November 11, 2003
Federal health agencies should identify priorities for genetic research among Hispanic/Latino populations, attract and develop more Latino genetic researchers and develop more Latino genetic researchers and others to work with Hispanic populations, and promote genetic research collaboration among Latino community members and scientists.
That conclusion from the Hispanic/Latino Genetics Community Consultation Network (HLGCCN) summit meeting summarized the primary genetic research recommendation made by participants in the historic two-day national conference in Washington, D.C. In addition to research, the prioritized recommendations were also delivered in the context of healthcare services, professional education and training, and public education and outreach.
Response to the recommendations by leaders of three major components of the National Institutes of Health in attendance at the first-of-its-kind summit meeting was extremely positive. Andrew C. von Eschenbach, M.D., Director of the National Cancer Institute (NCI), summed up the feelings of his colleagues when he told participants that federal authorities "need you, your advice, your guidance, your leadership, your contributions...."
Added Francis S. Collins, M.D., PhD, Director of the National Human Genome Research Institute (NHGRI), the training of minority researchers and building the bridge for their delivery into the Hispanic/Latino community have been lacking in the past, but "this is a high priority for us and I take your agenda very seriously. It's ambitious, it's awesome and (it's impressive to see) the very exciting plans you have collectively put together."
Judith H. Greenberg, PhD, Acting Director of the National Institute of General Medical Sciences (NIGMS), said the community consultation summit "exceeded my wildest dreams...This will not be the last meeting like this...we are committed to supporting follow-up. The enthusiasm of the participants makes me hopeful that the momentum will continue."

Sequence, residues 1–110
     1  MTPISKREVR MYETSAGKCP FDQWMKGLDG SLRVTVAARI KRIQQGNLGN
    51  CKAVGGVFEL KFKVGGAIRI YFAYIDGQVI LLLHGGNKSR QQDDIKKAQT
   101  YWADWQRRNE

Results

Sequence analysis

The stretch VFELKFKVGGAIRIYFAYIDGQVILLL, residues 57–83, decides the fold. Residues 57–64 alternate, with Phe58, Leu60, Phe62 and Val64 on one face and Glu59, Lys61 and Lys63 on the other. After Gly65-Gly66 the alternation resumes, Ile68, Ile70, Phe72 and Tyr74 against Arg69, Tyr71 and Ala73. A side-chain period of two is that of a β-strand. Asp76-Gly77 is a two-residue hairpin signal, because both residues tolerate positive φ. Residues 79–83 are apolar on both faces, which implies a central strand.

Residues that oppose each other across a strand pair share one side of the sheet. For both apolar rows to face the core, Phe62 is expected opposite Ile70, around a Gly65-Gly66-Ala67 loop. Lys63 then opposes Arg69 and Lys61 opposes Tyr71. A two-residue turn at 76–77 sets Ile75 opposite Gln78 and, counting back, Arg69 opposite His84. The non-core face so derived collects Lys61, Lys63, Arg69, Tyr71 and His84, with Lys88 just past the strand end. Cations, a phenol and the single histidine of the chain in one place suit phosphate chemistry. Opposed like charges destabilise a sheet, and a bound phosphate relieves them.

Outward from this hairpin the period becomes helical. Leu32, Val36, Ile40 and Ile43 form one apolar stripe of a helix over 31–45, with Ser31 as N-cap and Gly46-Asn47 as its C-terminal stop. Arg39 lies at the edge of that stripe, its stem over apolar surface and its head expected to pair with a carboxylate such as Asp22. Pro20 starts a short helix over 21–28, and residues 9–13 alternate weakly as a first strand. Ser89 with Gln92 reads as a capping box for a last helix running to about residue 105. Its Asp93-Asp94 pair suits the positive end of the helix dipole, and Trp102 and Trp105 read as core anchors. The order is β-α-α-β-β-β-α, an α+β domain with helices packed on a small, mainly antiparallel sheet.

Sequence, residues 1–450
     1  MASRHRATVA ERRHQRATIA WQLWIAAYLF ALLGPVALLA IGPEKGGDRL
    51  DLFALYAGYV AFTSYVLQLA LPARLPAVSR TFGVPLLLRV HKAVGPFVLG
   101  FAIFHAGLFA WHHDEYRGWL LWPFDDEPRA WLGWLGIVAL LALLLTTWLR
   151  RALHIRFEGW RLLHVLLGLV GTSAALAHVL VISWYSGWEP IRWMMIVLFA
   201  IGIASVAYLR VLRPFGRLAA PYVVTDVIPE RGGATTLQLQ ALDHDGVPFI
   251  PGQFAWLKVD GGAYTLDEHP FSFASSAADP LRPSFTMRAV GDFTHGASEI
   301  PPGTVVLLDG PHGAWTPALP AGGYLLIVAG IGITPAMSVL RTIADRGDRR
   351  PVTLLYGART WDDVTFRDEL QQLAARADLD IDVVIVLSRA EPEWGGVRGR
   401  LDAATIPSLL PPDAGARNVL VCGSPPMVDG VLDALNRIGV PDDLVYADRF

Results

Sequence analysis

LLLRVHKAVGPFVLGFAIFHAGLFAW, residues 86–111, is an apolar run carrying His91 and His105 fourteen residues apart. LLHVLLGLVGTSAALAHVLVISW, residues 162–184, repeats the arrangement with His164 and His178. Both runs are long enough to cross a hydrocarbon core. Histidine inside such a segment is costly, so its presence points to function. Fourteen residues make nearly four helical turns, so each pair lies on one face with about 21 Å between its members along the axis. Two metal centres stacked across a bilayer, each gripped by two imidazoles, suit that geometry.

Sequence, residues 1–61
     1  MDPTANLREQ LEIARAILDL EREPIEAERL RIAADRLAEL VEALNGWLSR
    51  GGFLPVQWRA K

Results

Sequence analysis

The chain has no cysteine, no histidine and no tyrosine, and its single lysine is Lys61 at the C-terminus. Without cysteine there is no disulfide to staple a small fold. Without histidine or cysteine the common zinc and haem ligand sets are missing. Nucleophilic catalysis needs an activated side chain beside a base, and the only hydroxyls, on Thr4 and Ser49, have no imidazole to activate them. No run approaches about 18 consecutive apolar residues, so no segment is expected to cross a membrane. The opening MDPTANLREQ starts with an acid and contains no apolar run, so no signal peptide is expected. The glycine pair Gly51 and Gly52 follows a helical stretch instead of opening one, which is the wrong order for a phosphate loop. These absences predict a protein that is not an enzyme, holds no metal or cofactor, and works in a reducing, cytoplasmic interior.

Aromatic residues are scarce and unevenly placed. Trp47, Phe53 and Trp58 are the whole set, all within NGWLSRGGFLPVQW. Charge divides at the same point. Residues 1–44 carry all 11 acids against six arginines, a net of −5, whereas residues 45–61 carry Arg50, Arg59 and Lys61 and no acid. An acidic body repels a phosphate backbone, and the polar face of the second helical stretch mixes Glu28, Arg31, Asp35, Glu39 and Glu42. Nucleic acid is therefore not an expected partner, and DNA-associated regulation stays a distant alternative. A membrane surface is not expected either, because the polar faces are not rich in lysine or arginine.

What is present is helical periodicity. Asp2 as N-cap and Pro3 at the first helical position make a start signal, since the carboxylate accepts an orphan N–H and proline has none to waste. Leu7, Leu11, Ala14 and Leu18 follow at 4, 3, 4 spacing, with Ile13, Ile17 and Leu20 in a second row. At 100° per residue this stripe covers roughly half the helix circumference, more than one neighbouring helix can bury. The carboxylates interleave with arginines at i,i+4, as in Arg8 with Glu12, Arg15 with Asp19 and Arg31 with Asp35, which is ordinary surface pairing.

More than two years in the planning, the summit meeting brought together 120 Hispanic/Latino genetics researchers, program administrators, government workers and community leaders to discuss the current status of genetics research/services with regard to Latinos and determine recommendations for the future. The summit, drawing participants from across the country and leaders of federal health institutions, served as a participatory model for involving Latinos in identifying and discussing genetic issues and examining those that are of greatest significance to the Hispanic/Latino population.
The conference was the result of a combined effort of Redes En Acción: The National Hispanic/Latino Cancer Network (a Special Populations Networks initiative of the National Cancer Institute) and Baylor College of Medicine, with the National Cancer Institute (NCI), National Human Genome Research Institute (NHGRI) and National Institute of General Medical Sciences (NIGMS). Playing support roles within NCI were the Specialized Program of Research Excellence (SPORE), Cancer Genetics Network (CGN) and Center to Reduce Cancer Health Disparities (CRCHD).
As a result of the summit meeting, the HLGCCN is sharing the conference's recommendations with the NIH and other agencies and leaders working to address these needs in the Hispanic/Latino community.
For a report of the HLGCCN summit meeting, click on this link to view a copy of the 2003 Hispanic/Latino Genetics Community Consultation Summit Event Report. A scientific proceedings report of the meeting will be published by the NCI.
What Is Redes En Acción? Redes En Acción is a major NCI-supported initiative to combat cancer among Latinos through a nationwide network of community-based organizations, research institutions, government health agencies and the public. Core activities include promoting cancer training and research opportunities for Latino students and researchers, generating research projects on key Latino cancer issues, and supporting cancer awareness activities within the Latino community.
The initiative is coordinated by the Baylor College of Medicine in Houston and San Antonio, with regional network centers in San Antonio, New York, Miami, Chicago, San Francisco and San Diego